Debt collectors be warned: consumers have the right to revoke their consent to be robodialed on their cellular phones, says the Third Circuit, and collection calls placed after revocation violate federal law and can result in stiff civil penalties. In the case of Gager v. Dell Financial Services, LLC, 727 F.3d 265 (2013), the Plaintiff, Ashley Gager, divulged her cell phone number when she signed up for a line of credit with Dell to purchase computer equipment. When she defaulted, Dell contacted her on her cell phone using an autodialing technology to collect on the debt. After receiving several autodialed calls, Ms. Gager sent a letter demanding that Dell cease calling her phone number. When Dell ignored her request and continued to call her at least 40 times in three weeks, Gager filed suit claiming that Dell’s actions violated the Telephone Consumer Protection Act (TCPA).

The Third Circuit, reversing dismissal by the trial court, held that even though Ms. Gager gave her “prior express consent” when she put her cellular phone number on her credit application, her letter to Dell served as an effective revocation of consent. The appeals court held that the TCPA must be read to include the common law right to revoke consent at any time, “because the TCPA was intended to protect consumer rights, not restrict them.” Notably, Gager’s revocation was in writing, and, thus, the court did not address the crucial question of whether or not oral revocation is sufficient to trigger the TCPA’s protections. This issue remains unresolved in the Third Circuit.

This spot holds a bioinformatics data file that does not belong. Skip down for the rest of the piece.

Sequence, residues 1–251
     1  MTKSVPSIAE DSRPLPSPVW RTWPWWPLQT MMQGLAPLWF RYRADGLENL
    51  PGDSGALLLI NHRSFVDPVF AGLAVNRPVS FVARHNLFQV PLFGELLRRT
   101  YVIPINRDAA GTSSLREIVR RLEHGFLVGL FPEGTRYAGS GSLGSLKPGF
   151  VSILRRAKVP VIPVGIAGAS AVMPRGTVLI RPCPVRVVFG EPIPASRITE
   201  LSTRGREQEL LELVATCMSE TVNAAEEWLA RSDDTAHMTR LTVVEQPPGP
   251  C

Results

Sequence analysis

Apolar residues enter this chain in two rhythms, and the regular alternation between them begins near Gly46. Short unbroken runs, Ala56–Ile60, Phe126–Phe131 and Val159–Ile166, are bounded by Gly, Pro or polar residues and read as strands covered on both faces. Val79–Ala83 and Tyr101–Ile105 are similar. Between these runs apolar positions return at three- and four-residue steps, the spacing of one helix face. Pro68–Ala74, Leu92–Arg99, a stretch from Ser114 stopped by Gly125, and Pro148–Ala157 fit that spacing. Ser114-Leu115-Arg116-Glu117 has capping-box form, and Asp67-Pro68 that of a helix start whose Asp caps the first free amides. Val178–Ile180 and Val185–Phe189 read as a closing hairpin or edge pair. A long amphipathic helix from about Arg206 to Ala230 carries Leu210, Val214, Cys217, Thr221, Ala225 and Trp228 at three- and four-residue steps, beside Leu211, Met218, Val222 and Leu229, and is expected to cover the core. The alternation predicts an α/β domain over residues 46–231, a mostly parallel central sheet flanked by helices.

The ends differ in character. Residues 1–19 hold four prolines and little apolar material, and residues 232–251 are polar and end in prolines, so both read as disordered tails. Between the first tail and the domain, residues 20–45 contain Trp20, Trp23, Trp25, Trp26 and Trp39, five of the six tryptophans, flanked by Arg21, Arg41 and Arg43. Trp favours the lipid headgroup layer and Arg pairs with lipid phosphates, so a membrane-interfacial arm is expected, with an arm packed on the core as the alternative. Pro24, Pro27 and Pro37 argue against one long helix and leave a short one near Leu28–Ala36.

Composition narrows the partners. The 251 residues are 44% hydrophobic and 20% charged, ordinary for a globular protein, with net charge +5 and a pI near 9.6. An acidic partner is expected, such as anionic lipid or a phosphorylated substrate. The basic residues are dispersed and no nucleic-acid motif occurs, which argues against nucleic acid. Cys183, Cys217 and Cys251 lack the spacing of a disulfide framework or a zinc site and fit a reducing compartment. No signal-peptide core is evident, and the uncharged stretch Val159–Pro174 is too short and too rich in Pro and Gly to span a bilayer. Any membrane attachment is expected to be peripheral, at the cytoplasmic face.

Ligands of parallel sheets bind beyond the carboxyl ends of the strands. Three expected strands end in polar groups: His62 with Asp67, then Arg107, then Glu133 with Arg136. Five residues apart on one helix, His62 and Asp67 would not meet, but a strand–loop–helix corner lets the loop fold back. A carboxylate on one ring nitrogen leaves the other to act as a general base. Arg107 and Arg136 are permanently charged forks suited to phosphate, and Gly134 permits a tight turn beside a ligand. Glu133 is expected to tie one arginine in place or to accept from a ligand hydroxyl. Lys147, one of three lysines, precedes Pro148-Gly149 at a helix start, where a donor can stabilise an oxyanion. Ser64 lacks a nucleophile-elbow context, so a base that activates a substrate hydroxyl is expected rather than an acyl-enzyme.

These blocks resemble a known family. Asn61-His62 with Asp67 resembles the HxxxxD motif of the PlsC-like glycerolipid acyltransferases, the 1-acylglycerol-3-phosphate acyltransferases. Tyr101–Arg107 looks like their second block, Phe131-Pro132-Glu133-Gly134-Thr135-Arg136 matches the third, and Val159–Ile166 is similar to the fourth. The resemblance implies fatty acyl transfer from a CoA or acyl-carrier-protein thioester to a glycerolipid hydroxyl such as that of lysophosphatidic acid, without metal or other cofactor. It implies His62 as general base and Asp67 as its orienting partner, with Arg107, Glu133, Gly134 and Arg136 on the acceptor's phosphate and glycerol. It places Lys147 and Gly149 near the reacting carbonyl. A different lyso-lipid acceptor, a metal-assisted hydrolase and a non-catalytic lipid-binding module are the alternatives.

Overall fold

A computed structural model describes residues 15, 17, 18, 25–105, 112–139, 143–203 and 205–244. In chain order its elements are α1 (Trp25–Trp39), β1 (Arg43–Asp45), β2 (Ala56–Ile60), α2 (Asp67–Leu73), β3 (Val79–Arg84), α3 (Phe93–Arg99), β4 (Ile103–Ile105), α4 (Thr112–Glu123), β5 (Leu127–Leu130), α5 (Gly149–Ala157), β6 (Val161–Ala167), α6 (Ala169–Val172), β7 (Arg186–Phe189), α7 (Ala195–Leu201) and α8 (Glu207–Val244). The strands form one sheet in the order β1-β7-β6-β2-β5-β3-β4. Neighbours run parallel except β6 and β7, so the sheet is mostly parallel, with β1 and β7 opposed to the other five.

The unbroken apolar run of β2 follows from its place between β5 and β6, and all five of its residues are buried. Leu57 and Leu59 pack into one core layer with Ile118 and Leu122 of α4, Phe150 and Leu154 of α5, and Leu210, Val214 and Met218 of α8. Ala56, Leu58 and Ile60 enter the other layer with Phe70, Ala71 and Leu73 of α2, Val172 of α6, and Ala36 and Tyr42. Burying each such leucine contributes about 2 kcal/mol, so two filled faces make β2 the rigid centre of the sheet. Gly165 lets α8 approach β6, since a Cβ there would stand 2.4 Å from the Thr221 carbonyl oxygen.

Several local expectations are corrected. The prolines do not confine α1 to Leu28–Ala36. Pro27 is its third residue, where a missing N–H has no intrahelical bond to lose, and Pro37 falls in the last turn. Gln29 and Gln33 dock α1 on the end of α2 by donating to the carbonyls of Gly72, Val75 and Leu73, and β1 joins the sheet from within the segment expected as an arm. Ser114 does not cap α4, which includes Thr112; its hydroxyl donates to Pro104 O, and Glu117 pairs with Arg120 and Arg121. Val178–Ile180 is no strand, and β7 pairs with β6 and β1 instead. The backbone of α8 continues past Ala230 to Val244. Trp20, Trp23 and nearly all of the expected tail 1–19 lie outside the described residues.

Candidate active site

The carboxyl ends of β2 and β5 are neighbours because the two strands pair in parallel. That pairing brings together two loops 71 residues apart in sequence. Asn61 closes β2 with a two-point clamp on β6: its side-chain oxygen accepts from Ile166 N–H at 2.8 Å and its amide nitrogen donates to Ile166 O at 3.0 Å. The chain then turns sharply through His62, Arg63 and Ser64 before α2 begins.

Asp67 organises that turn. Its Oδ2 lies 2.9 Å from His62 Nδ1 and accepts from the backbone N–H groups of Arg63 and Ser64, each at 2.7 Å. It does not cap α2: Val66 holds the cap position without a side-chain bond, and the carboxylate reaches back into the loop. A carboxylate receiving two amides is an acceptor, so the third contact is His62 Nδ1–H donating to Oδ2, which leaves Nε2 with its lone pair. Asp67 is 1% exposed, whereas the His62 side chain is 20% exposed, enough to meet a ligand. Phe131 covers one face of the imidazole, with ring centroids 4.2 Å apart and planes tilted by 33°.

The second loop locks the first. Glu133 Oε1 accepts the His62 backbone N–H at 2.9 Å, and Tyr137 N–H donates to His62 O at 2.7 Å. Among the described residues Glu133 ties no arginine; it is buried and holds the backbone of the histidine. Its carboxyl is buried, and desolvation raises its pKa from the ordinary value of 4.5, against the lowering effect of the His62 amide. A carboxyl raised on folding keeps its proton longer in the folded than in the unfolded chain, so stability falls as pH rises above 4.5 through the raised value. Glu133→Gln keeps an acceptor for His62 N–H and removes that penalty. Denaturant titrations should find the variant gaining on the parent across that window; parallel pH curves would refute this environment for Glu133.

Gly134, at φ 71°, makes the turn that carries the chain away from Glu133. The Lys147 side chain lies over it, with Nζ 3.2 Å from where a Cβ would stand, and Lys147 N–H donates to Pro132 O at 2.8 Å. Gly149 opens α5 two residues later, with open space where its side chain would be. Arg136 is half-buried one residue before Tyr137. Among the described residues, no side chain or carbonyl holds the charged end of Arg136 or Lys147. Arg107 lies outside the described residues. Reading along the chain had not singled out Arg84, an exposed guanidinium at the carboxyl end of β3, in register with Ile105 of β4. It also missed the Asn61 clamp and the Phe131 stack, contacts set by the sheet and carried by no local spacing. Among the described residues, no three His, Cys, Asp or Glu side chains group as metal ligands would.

In the same decision, the appeals court resolved a second important question: do debt collection calls to cellular phones using autodialers fall within the “existing business relationship” exception of the TCPA? The answer in the Third Circuit is unequivocally “No.” Even though the TCPA carves out an exemption for debt collection calls made to residential (i.e. landline) phones, the exemption does not apply to calls to wireless telephone numbers. The consequences of failing to react to revocation of consent are severe: callers can be tagged with liability of $500 to $1,500 for each illegal call.